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A ring is a field iff the only ideals are (0)(0) and (1)(1)

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Let RR a ring (with 1∈R1\in R). I want to show that RR is a field ⟺\iff it has exactly two ideals.

For ⟹\implies it’s obvious. Indeed, if RR is a field and I≠{0}I\neq \{0\} an ideal, then, I=AI=A since x∈I⟹xx−1∈Ix\in I\implies xx^{-1}\in I and thus 1∈I1\in I. In particular, if x∈Ax\in A, then x⋅1∈Ix\cdot 1\in I and thus x∈Ix\in I.

For the converse I don’t really know how to do. My idea was the following one:

I show that if RR is not a field then it has more that two ideals. Indeed, let RR be not a field. Then, there is x∈Rx\in R that has no inverse. In particular, (x)∉{R,{0}}(x)\notin \{R,\{0\}\}. Indeed, if (x)=(0)(x)=(0) then x=0x=0 which is a contradiction. If (x)=R(x)=R, then 1∈(x)1\in (x) and thus there is nn s.t. xn=1x^n=1 what prove that xx is invertible and is also a contradiction.

Is it correct ? Is there a more direct proof ? i.e. like this:

Let AA and {0}\{0\} the two ideal of RR. How can I show that all element of A∖{0}A\backslash \{0\} are invertible ? By contradiction, if not, the xy≠1xy\neq 1 for all y∈Ry\in R. Therefore, (x)(x) doesn’t contain 11, and thus, RR has at least three ideal, which is a contradiction.

Is it correct ?

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2 Answers

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Your proof is essentially correct. I would have only stated it a bit differently (and more succintly), as follows.

Let 0≠x∈R0 \ne x \in R and consider the ideal (x)(x). Clearly, (x)≠0(x) \ne 0, therefore necessarily (x)=R(x) = R. This means that there exist y∈Ry \in R such that yx=1yx = 1. There also exist z∈Rz \in R such that xz=1xz = 1 (because (x)(x) is a bilateral ideal). Multiplying yx=1yx = 1 by zz on the right, we get y(xz)=zy(xz) = z, i.e. y=zy = z, so the left and right inverses coincide, therefore xx is invertible. We have therefore proven that every non-zero element is inversible, so RR is a field.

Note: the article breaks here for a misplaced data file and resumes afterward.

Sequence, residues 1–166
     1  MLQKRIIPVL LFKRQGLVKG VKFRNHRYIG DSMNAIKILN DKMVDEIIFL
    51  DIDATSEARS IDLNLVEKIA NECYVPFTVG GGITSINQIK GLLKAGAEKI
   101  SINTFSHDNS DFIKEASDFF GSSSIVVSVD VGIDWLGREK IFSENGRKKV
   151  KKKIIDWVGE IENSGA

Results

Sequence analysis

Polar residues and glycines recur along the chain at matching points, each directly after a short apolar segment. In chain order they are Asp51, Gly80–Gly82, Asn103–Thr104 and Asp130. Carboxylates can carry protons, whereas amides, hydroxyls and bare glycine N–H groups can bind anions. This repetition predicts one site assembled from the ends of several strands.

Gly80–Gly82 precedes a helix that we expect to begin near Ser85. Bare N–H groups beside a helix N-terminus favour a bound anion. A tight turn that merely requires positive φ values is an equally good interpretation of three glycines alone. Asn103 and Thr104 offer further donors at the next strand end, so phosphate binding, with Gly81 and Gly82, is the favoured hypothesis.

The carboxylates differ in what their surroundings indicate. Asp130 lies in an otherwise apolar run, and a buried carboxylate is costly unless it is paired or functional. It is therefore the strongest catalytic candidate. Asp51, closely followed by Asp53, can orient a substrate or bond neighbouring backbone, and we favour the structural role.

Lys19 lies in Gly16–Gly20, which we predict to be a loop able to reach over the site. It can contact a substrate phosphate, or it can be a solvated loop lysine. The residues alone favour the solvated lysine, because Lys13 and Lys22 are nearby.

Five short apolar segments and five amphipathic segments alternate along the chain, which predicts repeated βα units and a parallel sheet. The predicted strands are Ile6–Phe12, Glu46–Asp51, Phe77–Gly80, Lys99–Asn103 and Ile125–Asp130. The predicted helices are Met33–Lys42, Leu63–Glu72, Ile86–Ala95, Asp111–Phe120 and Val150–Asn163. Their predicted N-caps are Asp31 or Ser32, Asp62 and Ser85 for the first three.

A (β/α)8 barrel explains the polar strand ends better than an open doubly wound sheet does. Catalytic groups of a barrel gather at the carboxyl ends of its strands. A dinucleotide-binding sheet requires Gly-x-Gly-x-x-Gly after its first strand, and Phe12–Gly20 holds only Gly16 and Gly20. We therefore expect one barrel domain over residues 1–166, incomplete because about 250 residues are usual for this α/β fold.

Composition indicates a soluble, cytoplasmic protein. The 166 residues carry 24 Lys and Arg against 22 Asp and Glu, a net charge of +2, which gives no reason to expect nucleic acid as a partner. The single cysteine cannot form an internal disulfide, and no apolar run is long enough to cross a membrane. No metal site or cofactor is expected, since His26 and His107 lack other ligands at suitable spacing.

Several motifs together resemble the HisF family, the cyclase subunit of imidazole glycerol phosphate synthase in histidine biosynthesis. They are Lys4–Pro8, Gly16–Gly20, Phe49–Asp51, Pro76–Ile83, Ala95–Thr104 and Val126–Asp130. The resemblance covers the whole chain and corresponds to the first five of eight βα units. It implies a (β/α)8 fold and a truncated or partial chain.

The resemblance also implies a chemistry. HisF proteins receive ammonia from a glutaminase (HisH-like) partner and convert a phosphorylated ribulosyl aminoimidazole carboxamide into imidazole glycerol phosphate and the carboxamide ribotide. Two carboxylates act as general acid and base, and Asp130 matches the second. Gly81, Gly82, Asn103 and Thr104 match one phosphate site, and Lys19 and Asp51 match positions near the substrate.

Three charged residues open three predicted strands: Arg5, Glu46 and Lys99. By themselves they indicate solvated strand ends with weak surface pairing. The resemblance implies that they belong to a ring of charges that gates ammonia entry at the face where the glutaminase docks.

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This assumes commutativity. For example in the matrix ring M2(K)M_2(K), KK a field, the ideal generated by an element x=(0100)x=\pmatrix{0&1\cr0&0\cr} is the entire ring. Yet xx has neither left not right inverse. In fact, M2(K)M_2(K) has only the two trivial ideals, yet it is not a field. The claim is wrong without the commutativity assumption.

– Jyrki Lahtonen♦

2 days ago

@JyrkiLahtonen: You are right, but this remark had already been made by G. Sasatelli before I wrote my answer (see the comments below the question), so I haven’t included it in my post.

– Alex M.

2 days ago

Oops. I did not check the time-stamps, sorry.

– Jyrki Lahtonen♦

2 days ago

Your proof is incorrect. By a small detail, but important:

If (x)=R(x)=R, then 1∈(x)1\in(x) and so there exists y∈Ry\in R with xy=1xy=1.

Maybe your writing of xn=1x^n=1 is just a typo, butâ€¦

You are also assuming RR is commutative, otherwise the statement is false. There are (noncommutative) rings having exactly two (two-sided) ideals, but are not even division rings. For instance the matrix rings over a field (or a division ring, more generally).